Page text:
rally

“Hi! So, what’s the messaging for tonight? Will we reference Roger Goodell’s decision to force the players stand? Will we show the people of color here that the dems have their back? I’m so ready to lend my voice!”

She’s excited. The GP dem chair texted her with info about a big anti-hate rally. Said she could stop by the dems HQ to meet others, then head over. After the militia meeting in the park and the white supremacist posters all over town the last month, we’d finally say something, loud, so that the people who are targets in this county know we’re not passively standing by. That we have their backs. That we will stand and say so publicly. Her body and spirit cannot bear another day of silence.

She walks alongside the woman from HQ, whose pace forces her to jog intermittently.

“I don’t know!” the rapidly walking woman responds. She’s smiling, eyes forward.

“Okay! So, do we have an overall theme? A focus, maybe? The Goodell decision connects to all the stuff in town.” 

“I don’t know!” The HQ woman repeats, and she just keeps smiling and walking. Very fast. This time she also offers a shoulder shrug.

We’re coming up to the stairs of the city hall building. There are 30-35 other people here. That many people could really make some noise, get some attention, if they wanted to. Such a good turnout for this place. (A protest a few years earlier drew militia members, who stood around the 7 or 8 protestors, intimidating them into silence.) Her heart starts to rev up. The HQ woman veers off to meet up with some other folks.

She stands in front of the protestors at the second rally of her life (her first was last month in CJ). Little groups are gathered on the landing in front of the building, loosely forming a semi-circle around a man passing out flyers to them. She walks up to the man, who seems to be in charge.

“Hi! I’m Sarah! Brian texted me to join you. I’m so glad we’re all here! Can I ask what the messaging will be tonight? How we’ll do this?”

He’s probably late 60s early 70s, maybe more years. She notices now that they all have some years. Lots of white hair. That’s cool. She also notices it’s only white people. That’s par, and not so cool, but we’re in Josephine county. Whatever. She’s ready to stand alongside anyone who will publicly object to the blatant white supremacist politics inflicted on the NFL players who kneel in honor of dead black men, women, and children who have been murdered by white badge-carrying men and women.

“What do you mean” he replies. Not really a question, adding that “oh here comes the kid” tone. The “slow it down missy” tone. The “she’s just overwrought” tone. The “she’s been watching too much cable tv news” tone. She’s heard it literally thousands of times since moving here.

She smiles, trying to connect with him. She looks around at the others. “I thought we might reference Goodell, you know, and show the people of color here what the Dems and Josephine county Indivisible is all about. Maybe we could stand on the corner where all the cars are driving by. We could raise our fists, shout our support for the players, shout our support for people of color, for free speech.” She looks back at the man, hopefully, waiting.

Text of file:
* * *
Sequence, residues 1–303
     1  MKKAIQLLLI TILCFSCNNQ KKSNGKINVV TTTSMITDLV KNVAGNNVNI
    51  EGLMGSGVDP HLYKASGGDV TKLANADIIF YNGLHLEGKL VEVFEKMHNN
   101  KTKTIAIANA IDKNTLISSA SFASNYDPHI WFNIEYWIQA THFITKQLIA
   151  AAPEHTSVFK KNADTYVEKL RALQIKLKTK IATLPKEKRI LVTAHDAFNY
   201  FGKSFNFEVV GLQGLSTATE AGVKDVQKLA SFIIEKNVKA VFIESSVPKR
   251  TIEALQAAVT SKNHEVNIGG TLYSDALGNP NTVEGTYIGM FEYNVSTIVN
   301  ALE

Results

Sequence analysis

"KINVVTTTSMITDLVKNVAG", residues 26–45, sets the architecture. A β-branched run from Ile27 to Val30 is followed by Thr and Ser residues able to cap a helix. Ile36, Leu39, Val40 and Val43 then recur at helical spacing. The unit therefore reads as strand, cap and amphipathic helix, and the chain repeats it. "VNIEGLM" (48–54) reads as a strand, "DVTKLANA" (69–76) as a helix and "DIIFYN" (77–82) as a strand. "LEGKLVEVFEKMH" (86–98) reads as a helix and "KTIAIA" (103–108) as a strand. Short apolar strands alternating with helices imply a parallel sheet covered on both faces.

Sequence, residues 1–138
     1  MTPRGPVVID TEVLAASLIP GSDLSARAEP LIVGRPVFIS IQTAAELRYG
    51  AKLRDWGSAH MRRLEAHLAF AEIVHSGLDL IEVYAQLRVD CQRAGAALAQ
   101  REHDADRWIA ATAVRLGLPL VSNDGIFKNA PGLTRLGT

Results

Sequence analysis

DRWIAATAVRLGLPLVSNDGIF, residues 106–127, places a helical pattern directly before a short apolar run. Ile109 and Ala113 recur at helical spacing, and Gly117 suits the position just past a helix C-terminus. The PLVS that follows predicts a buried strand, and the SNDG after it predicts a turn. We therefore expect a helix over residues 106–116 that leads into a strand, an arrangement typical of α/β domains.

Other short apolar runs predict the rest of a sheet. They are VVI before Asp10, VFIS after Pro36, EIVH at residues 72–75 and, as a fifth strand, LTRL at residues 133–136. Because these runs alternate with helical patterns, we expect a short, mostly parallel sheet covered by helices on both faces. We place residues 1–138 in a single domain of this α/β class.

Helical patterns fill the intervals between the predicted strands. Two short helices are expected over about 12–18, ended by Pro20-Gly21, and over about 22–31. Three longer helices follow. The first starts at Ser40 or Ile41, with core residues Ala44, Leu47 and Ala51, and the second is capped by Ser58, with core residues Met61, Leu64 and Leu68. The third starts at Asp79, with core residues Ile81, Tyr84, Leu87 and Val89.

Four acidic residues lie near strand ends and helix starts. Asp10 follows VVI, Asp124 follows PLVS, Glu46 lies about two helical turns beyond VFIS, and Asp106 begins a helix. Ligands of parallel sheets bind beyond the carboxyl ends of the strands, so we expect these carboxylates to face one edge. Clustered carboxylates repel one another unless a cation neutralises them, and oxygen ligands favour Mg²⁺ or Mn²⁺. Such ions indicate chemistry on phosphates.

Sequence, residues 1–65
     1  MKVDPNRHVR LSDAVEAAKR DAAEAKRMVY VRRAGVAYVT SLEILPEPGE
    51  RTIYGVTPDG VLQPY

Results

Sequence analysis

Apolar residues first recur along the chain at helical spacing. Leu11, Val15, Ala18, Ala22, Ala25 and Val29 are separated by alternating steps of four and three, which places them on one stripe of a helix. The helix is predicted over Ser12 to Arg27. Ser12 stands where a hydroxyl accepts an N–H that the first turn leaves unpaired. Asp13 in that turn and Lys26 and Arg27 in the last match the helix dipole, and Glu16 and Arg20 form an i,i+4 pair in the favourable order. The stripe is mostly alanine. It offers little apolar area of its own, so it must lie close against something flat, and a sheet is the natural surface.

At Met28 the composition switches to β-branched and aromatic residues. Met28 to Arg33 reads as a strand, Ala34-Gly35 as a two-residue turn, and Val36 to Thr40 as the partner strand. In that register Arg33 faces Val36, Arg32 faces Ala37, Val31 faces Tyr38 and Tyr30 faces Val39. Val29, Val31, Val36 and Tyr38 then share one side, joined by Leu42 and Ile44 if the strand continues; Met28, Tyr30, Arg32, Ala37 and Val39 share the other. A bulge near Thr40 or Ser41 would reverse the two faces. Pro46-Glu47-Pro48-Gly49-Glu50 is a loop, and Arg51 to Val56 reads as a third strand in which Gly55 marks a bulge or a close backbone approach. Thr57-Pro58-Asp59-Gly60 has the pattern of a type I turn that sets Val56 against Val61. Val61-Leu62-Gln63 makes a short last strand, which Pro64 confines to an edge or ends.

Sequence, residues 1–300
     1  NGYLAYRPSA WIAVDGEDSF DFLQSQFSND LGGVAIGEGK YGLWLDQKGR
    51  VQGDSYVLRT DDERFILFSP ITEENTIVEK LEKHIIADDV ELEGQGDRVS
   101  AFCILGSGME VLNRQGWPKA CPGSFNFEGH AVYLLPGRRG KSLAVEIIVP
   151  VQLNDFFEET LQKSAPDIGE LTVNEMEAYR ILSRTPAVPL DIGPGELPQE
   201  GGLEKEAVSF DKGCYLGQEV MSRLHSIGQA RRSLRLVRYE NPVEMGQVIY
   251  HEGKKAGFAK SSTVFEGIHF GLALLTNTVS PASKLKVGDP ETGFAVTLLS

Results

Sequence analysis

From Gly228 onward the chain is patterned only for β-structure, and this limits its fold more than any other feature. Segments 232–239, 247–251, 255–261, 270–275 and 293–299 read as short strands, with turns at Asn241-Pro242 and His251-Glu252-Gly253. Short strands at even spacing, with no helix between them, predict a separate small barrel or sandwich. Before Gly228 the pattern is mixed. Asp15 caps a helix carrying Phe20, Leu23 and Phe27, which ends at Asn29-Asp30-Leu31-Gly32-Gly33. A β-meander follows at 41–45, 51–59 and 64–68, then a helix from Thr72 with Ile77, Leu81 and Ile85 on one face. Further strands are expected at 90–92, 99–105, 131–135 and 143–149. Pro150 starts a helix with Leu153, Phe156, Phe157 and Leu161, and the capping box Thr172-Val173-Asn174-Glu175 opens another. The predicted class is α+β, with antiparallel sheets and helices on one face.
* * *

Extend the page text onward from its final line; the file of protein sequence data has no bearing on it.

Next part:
He doesn’t respond to her. He looks at her as if she’s speaking another language, one he doesn’t understand. His face looks like it hurts his head to listen to her. He turns and starts handing flyers out again.

She notices now that they’re all just kind of looking at her, all the people with the years. As if she’s from another planet.

Her rage rises. The months and months of silence she’s been forced to endure. The disconfirmation. The wall of NO she slams into on a daily basis. She doesn’t really give a fuck what they think of her at this point. It really just does not matter.

“Isn’t this an anti-hate rally? Rallies are where people raise their voices and bear witness. Let’s raise our voices. Let’s speak truth to power, even if power isn’t listening. Because it’s good for us. Because it empowers us. Even here. Especially here! We need to raise our voices to show support to the people of color in this community. We need to join hands with them, empower them, show them we’re here. If we don’t speak up, we ought to be ashamed of ourselves as white people and Dems and Indivisible people. It’s our job to speak up!”

They look at her. They say nothing. The man passing the flyers stops a second to squint at her again, then walks with his bag of flyers to another group, away from her.

“Come on! We have a responsibility as white people in this community. We have a responsibility to speak up and support those who are targets in this community. The posters. The militia barbeque last week. We need to say something. That’s what the good guys do. That’s what Dems do. That’s what we’re about. That’s who we are!”

“Why, so we can be like them?” The woman’s disdain hits her between the eyes.

“What?” She looks around. They just stare.

“Who?” She asks no one in particular. Stares.

She’s confused. It’s like they can’t hear her words. They feel her urgency, know she’s frustrated, but it’s like they can’t see her or hear what she’s saying. Like being in a dream when you can’t run.

It is slow. As she expresses her outrage, her shame at being a white person like these people who won’t stand up for what’s right, the loose circle of groups begin creeping backwards. Like the whole loose circle is moving in the opposite direction. They are looking at her and backing up, very slowly. 

She realizes they think she is mentally ill.